NEW YORK (AP) The memo to workers made the changes sound almost upbeat: 'Your Work, Your Rewards, Your Verizon,' it read. But to some workers at Verizon Communications Inc., the company's announcement this past week that it will freeze the pensions of 50,500 managers is nothing but an employer breaking a decades-old promise to its own people. 'We're all good people here,' said Maureen Aeckerle, a 25-year Verizon veteran in Maryland, her voice breaking. 'And to be treated this way is just unacceptable.'
Of course, big companies don't offer the only perspective from which to tell these stories. Last year troubled smaller companies terminated most of the 120 pension plans, covering a total of 235,000 workers, which were assumed by the federal Pension Benefit Guaranty Corporation (PBGC). Geller found a riveting tale at Ajax Magnethermic Inc., a small-size company in the rust-belt town of Howland, Ohio. One day its 138 employees found the factory gate padlocked and then, soon after, the company legally vanished along with any legal responsibility for their pension fund, which wound up in the hands of the PBGC.
While tracking a complex paper trail through a series of ownerships, including a venture-capital unit of Citigroup Inc., Geller brought this story to life through the words and circumstances of the company's workers, who described their diminished futures, the stresses they and their families now faced:
… Necastro was expecting to retire at 65 with a pension of $1,600 a month. Instead, he gets $785.70. Hanton, a manager, was expecting $2,300 monthly or a $344,000 lump sum. Instead, at 63, the PBGC is sending him $1,305.85 a month. In the time spent waiting for the first check, he burned through much of his savings. The floor plans he and his wife drew up for a retirement home have been shelved and talk of travel together has been put aside.
Tracking Shareholders' Reaction
Hard-pressed employees are not the only ones upset at these widening gaps in wages and benefits. Shareholders also are getting increasingly vocal, pushing for more restraint and logic in top executive compensation and complaining when it borders on the outlandish. A recent survey by a consulting firm, Watson Wyatt Worldwide, found that 90 percent of institutional shareholders, including those invested in companies that manage big pension funds and mutual funds, feel that executives are "dramatically overpaid."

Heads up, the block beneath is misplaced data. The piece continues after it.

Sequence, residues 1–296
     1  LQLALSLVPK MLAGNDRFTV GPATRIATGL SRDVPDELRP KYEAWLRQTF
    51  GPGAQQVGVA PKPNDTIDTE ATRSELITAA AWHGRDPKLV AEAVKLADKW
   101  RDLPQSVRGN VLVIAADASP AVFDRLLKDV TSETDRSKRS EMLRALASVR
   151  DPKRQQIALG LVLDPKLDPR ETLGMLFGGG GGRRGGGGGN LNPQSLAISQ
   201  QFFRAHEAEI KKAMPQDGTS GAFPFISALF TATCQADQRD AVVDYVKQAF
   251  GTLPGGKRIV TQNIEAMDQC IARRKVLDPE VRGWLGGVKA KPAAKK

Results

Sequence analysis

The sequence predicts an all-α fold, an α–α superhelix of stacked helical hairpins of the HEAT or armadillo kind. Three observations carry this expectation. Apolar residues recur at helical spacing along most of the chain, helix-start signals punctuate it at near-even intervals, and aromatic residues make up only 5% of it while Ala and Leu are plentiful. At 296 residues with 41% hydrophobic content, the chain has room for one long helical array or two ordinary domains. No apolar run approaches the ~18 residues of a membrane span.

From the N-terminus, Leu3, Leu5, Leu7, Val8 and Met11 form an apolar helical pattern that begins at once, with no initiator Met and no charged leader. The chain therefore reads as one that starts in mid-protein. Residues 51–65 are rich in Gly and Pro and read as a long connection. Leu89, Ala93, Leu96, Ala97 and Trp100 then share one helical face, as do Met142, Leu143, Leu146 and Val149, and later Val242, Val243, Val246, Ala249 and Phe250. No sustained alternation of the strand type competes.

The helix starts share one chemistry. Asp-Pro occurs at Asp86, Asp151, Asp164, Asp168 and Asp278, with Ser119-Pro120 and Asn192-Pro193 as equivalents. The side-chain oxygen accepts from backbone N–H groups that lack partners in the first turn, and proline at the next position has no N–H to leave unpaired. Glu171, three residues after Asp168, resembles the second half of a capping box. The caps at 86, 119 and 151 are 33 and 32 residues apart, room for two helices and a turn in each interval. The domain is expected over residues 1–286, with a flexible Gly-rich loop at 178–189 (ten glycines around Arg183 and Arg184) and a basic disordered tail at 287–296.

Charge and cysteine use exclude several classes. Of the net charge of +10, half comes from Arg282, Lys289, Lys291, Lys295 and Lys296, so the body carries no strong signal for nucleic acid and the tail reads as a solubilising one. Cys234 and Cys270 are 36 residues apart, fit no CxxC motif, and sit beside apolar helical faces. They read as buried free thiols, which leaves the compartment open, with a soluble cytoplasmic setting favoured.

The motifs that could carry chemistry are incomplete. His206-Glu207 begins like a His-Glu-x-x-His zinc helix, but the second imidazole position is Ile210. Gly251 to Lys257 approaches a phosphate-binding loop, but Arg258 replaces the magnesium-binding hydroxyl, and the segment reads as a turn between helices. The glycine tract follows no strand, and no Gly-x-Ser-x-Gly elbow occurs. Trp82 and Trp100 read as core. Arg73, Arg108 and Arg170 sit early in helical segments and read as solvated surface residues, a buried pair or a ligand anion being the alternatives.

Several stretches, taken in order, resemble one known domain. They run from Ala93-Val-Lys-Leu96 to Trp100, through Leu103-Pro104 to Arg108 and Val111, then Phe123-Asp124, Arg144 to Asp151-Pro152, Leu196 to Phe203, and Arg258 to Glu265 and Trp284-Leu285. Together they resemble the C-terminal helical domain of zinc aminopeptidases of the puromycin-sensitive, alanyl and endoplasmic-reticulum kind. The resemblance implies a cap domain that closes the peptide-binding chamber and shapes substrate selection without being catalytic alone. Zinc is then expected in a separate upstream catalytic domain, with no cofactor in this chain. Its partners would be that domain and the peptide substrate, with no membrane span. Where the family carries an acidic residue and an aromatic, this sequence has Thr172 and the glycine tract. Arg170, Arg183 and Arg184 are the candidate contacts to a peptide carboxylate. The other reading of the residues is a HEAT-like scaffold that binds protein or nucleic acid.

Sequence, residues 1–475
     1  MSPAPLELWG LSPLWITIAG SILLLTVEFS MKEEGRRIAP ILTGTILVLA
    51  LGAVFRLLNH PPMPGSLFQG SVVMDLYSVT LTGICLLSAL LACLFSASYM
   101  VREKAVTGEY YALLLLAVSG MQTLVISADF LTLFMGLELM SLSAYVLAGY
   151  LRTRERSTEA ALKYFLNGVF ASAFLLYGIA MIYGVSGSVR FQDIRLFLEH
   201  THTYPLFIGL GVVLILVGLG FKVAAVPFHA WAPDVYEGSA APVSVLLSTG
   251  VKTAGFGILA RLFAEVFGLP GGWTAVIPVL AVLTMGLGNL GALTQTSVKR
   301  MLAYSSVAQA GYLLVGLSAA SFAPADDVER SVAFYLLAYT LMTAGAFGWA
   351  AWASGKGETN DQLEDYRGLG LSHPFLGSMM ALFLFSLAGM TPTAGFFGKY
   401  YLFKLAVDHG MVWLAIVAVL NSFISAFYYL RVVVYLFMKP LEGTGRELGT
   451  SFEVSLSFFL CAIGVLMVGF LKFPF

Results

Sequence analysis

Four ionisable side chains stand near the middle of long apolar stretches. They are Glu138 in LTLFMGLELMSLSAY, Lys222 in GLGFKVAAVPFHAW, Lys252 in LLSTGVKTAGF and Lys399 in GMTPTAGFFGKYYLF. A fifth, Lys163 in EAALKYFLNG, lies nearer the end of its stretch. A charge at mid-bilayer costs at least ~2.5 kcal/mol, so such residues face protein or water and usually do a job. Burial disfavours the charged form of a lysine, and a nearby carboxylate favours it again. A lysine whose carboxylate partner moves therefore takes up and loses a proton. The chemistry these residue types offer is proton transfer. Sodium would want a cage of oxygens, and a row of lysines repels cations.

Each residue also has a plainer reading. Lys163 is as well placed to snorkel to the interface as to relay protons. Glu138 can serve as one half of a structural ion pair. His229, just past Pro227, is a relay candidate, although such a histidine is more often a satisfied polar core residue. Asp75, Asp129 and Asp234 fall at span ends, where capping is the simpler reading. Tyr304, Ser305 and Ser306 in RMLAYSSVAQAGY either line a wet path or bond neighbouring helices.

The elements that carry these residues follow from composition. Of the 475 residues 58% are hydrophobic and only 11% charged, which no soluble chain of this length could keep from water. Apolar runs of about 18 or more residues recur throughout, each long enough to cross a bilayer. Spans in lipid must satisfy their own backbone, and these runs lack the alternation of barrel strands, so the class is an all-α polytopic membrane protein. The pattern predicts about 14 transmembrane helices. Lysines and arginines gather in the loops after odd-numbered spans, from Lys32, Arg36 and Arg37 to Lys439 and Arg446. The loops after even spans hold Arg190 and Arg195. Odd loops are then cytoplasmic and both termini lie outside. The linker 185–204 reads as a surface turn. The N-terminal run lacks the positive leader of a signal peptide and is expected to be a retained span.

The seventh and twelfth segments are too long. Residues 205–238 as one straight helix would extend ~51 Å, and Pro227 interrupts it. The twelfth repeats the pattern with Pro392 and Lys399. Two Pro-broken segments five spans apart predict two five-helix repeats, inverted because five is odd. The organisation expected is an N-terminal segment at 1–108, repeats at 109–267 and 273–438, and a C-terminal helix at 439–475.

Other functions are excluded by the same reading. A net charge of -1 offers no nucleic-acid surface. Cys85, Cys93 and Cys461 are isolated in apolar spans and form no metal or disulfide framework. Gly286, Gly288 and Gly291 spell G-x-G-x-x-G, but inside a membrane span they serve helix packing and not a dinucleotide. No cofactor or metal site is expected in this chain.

Executive pay is determined by a corporate board's compensation committee that works out the contract for a chairman, CEO or other top official. What happens here is rich territory for news reporting, a territory that should be — and can be — examined before scandals break. Tracking these transactions does require that a reporter have a good grasp of how corporations work and an ability to ferret out and then break down sometimes arcane and complex dealings into a simple sequence of events. Rachel Beck, with an MBA from Columbia University, does just this consistently in a column she writes for the AP called "All Business."
During last year's proxy season — the springtime period when companies file reports on compensation and other matters before their annual meetings — Beck examined how companies play games in so-called "benchmarking" of CEO pay. Benchmarking involves surveying compensation packages that competitors offer their CEO's. Seems fair enough. But, as Beck noted in a story she wrote about this practice, "there are those who choose to cherry-pick the companies with which they want to compare CEO pay. One is Goldman Sachs Group Inc., which said in its proxy report that the compensation committee had examined executive pay at 'certain of Fortune magazine's list of America's 50 largest corporations' to come up with the nearly $30 million it paid CEO Henry Paulson in 2004 — almost a 40 percent gain from the year before."